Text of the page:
The Good Glamour guide to spas, facials, massage treatments and general fabulousness.
Some days, being a beauty blogger feels like nothing more than sitting around in saggy-bum leggings with a muesli face-pack on, hunched over my laptop, whistling into the geranium-and-rose-petal-scented wind. Other days, my cup overruns with special and gorgeous treats. Like today. I have been invited to sample Oskia’s Renaissance luxury face & body treatment. I purr the words: ‘rrrrenaisssance luuuxury face and body trrrreatment’. It cheers me up no end, I can tell you.
In order to properly prepare myself for the experience I drive to Covent Garden and then attempt to park. After being honked at by a taxi driver for slowing down in the middle of the road to try to decipher the byzantine parking restriction signs, a couple of close shaves with Boris bikes and an obligatory altercation over a space (I won!) I arrive at the Oskia Spa utterly and thoroughly stressed OUT.
I am a tad dubious about getting a full body massage in a beauty salon. In general, beauticians are not necessarily well versed in the dark arts of flesh pummelling. So I’m expecting a nice facial with a bit of a leg rub on the side. And having had a force ten massage only last week with the remarkable Ros Tonello (more about her later), I have a pretty high benchmark to measure this treatment up to.
My first impression of Oskia therapist Holly seems to confirm my prejudice. Her porcelain-doll face is undoubtedly an excellent advertisement for the beauty products she’ll be using. But she’s such a tiny little thing I doubt that she can have more strength in her hands than a sparrow. “Do you like your massage to be gentle or strong?” Holly asks. “Strong” I reply, decisively.
First impressions are often deceptive.
The body massage is administered using the intriguing Oskia Rose de Mai massage candle. At first I didn’t really understand the concept but now I totally get it. As the candle burns it melts the massage oil that is then applied hot. It feels goood. At the same time, the room is filled with the fragrance of roses.
After Holly has steamrollered my back and shoulders FLAT she starts working in to the ghastly knots that I have nurtured beneath my shoulder blades through years of keyboard banging. She then grasps the scruff of my neck in her vice-like fingers until my head nearly falls off. What I love about a proper massage is the exquisite coalescence of pain and pleasure. As one half of my brain screams ‘Urgh – get off!’ the other half cries ‘Yesss – do it more!’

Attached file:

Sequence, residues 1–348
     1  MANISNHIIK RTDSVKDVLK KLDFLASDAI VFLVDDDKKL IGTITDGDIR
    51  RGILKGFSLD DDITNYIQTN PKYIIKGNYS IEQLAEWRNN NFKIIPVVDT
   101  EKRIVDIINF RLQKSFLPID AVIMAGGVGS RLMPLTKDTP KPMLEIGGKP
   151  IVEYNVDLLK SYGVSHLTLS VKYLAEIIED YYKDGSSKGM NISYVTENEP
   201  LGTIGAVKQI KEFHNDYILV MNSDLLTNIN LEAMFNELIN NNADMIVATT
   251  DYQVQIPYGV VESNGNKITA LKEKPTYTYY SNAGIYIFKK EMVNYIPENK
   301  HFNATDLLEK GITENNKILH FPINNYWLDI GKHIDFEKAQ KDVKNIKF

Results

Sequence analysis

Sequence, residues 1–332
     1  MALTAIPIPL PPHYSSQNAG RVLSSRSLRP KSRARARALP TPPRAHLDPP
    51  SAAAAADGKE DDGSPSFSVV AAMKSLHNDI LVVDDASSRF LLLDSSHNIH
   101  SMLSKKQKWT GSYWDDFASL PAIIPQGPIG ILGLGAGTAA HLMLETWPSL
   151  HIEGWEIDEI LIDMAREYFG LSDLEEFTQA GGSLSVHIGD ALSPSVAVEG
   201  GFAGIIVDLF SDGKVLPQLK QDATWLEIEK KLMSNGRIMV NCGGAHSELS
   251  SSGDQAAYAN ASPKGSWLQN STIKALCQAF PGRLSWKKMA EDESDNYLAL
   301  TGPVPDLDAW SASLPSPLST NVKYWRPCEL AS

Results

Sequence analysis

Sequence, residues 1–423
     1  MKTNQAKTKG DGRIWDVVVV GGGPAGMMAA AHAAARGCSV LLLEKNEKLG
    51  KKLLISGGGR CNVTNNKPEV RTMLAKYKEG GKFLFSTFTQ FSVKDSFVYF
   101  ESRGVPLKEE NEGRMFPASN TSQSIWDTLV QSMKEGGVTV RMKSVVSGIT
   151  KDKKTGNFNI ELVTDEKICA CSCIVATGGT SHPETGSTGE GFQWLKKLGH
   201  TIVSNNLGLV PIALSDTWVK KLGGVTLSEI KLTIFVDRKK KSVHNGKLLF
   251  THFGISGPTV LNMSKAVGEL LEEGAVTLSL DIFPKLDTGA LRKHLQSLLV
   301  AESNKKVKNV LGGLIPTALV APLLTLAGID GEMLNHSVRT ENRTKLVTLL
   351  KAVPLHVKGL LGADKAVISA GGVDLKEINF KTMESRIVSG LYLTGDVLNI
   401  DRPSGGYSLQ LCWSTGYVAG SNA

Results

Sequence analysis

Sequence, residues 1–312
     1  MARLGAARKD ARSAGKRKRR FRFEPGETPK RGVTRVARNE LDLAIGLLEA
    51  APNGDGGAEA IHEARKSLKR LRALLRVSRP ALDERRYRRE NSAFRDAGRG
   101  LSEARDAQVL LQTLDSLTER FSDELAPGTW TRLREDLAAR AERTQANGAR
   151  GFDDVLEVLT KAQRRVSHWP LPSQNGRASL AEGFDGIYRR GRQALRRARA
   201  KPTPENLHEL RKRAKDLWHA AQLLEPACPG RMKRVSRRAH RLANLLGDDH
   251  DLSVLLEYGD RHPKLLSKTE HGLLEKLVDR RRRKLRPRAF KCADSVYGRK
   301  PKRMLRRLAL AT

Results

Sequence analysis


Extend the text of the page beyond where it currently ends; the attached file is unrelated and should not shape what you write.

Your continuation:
Her expert kneading continues into my hips, legs, feet, arms – front and back, so that by the time we get to the facial part of the affair I am semi-comatose. Which is as it should be. I can vaguely relate memories of being swabbed with virtually the entire kitchen cabinet of Oskia potions: cleanser; toner; exfoliator; each one applied with a gentle massaging and removed with a hot cloth; each one more heavenly than the last.
The coup-de-grace of this beauty banquet is the application of the Oskia Renaissance mask. This goes on like some kind of velvet honey, is packed with a fruit cocktail of AHAs and liposomes and stuff and smells like daybreak on a desert island. Whilst the mask does its work, Holly gets back to releasing the tension in my neck and shoulders with soothing strokes. I lie there and think about… nothing… except how I want this moment to go on and on forever and ever and ever and ever. And you know what? It almost feels as though it does. I have reached that joyful nirvana where the past and the future simply cease to exist.
After forever another hot cloth is lovingly applied, moisturiser is smoothed on and, finally, a finishing glaze of Get Up & Glow – like a cherry on a cake of bliss.
Pampering like this is, in my opinion, truly life-enhancing. We may not be able to afford it every week but if you are getting married, or divorced, or you just love yourself enough, here is an indulgence worth investing in.
I float gently back to the car and the traffic and the drizzly London night, feeling fabulous, looking luscious and smelling sublime. Aaaaah, monsieur sweary cyclist with no lights and no helmet, hello… please, you go first. I insist.